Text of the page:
Ferris wheels were once the center of the town fair. Now they are key parts of major metropolitan skylines.
But none can top the heights of the Ain Dubai — meaning "Dubai Eye" in Arabic — which is scheduled to open on Oct. 21. With a height of 820 feet, it will be the tallest observation wheel in the world, towering 270 feet above Las Vegas' High Roller observation wheel, which will fall to second place.
The attraction is the centerpiece of Bluewaters Island, an artificial island near the Dubai Marina that opened in 2018.
"The record-breaking Ain Dubai eclipses the 165-meter Singapore Flyer and is almost double the size of the London Eye," said Ronald Drake, the attraction's general manager.
The structure has 48 enclosed cabins, some of which can fit up to 40 passengers. In total, 1,750 people can ride at the same time, according to the attraction, however, capacity is currently limited due to the global pandemic. As of now, up to 10 people can ride in each cabin, said Drake.
Each cabin is larger than two double-decker buses strapped side by side, according to Ain Dubai. Three types of cabins are available: "observational" cabins are for basic rides, "social experiences" include lounge access and a drink, and "private" cabins which can be customized for dinner parties, business meetings and other events.
Each ride lasts 38 minutes and gives a bird's-eye view of Dubai's coast and city skyline.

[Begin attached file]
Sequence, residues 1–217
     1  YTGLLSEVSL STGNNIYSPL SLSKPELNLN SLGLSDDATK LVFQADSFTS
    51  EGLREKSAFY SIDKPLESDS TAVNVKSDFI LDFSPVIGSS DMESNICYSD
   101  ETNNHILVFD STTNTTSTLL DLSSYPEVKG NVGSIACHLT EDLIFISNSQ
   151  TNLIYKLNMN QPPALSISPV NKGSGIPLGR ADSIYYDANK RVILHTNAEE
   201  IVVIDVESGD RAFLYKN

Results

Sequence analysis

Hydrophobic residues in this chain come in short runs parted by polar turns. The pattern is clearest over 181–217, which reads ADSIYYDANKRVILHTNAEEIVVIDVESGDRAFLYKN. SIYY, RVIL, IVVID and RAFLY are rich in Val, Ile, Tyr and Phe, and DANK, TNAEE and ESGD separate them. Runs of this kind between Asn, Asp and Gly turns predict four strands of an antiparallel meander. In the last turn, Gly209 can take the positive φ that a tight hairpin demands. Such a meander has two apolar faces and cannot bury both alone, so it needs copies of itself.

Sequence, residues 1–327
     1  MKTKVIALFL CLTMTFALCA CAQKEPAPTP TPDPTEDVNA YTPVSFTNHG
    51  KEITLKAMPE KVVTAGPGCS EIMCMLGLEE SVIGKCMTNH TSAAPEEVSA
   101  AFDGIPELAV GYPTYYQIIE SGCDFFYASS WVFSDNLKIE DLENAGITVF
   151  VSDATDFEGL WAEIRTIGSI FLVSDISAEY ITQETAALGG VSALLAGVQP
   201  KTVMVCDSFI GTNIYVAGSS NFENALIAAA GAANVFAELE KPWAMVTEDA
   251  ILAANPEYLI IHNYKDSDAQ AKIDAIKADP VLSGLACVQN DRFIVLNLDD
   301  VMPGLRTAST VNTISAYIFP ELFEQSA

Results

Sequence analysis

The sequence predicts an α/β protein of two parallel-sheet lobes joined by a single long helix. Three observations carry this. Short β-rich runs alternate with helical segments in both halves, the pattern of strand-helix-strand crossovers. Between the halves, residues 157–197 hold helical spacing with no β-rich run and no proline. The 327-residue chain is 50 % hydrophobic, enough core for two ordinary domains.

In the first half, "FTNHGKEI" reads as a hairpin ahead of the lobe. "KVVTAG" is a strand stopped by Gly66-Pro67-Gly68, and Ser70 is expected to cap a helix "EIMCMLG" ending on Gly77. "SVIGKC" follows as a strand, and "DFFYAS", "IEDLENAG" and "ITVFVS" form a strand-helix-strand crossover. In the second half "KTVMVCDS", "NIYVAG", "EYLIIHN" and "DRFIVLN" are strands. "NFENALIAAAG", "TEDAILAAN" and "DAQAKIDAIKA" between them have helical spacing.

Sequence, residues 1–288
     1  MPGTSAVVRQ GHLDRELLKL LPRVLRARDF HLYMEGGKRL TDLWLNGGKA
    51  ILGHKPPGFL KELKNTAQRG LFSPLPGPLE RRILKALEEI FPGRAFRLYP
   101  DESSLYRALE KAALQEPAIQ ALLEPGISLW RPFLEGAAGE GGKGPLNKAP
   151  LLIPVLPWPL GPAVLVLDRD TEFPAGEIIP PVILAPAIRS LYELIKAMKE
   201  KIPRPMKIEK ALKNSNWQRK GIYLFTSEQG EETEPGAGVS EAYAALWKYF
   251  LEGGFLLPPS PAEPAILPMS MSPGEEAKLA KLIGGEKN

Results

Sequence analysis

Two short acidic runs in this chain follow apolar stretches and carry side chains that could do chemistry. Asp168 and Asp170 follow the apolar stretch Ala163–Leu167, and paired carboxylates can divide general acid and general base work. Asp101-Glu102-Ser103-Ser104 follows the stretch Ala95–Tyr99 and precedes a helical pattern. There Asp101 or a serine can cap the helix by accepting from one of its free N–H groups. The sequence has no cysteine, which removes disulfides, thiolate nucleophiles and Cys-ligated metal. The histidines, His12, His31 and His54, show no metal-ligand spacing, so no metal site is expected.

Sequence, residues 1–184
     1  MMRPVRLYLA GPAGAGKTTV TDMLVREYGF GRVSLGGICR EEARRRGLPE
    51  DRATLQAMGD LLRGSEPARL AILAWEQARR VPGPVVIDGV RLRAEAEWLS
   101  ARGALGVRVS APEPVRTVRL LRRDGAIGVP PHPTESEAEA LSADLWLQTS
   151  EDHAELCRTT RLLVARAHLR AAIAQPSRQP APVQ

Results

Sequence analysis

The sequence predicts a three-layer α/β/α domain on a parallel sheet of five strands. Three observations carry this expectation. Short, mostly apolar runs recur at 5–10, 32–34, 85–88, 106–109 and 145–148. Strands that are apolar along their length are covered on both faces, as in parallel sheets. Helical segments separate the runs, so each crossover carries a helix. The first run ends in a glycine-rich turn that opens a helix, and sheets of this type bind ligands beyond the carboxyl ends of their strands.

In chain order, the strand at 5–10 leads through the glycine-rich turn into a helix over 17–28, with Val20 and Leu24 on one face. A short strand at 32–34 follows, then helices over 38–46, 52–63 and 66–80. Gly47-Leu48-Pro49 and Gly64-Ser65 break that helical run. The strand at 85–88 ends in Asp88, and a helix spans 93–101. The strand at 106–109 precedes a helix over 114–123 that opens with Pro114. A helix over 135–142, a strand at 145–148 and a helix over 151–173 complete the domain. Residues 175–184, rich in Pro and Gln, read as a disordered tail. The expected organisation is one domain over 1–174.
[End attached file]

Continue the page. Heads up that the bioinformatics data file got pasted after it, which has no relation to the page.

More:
The first "ferris wheel" was introduced in 1893 for the World's Columbian Exposition in Chicago, according to the Smithsonian Magazine. Measuring 250 feet tall, the wheel was designed by a 33-year-old American civil engineer, George Washington Gale Ferris Jr., whose goal was to create a structure that could rival Paris' Eiffel Tower, according to the magazine.
Since then, ferris wheels have more than tripled in size. Now the term "observation wheel" is used to distinguish larger, more sophisticated ferris wheels, according to the Observation Wheel Directory, a website that bills itself as a "guide to the world's largest ferris wheels."
The opening of Ain Dubai continues Dubai's efforts to position itself as a global tourist attraction.
"The focus on tourism has been one of the main diversification strategies of UAE and Dubai in particular," according to Usman Khalid, assistant professor in economics at United Arab Emirates University. "Covid-19-induced oil volatility has made it evident that UAE needs to diversify away from oil and strengthen its other sectors."
Unlike other parts of the UAE, Dubai does not produce much oil. Today, less than 1% of Dubai's GDP comes from oil, according to the World Economic Forum. In 2018, tourism made up 11.5% of the emirate's gross domestic product, according to the World Trade & Tourism Council.
The emirate is also setting itself apart as an adventure tourism destination with new attractions for thrill-seekers. In July 2021, it launched the 200-foot Deep Dive Dubai — the world's deepest diving pool. In recent years, Dubai has also welcomed the world's longest urban zipline, the XLine, and an Emirates A380 flight simulator at the Dubai Mall.
Alongside adventure and luxury tourism, Dubai has also amped up cultural tourism, according to Khalid. It is hosting the upcoming Expo 2020 Dubai, which will feature art, cuisine and technology from more than 190 countries. The event starts on Oct. 1 and ends on March 31.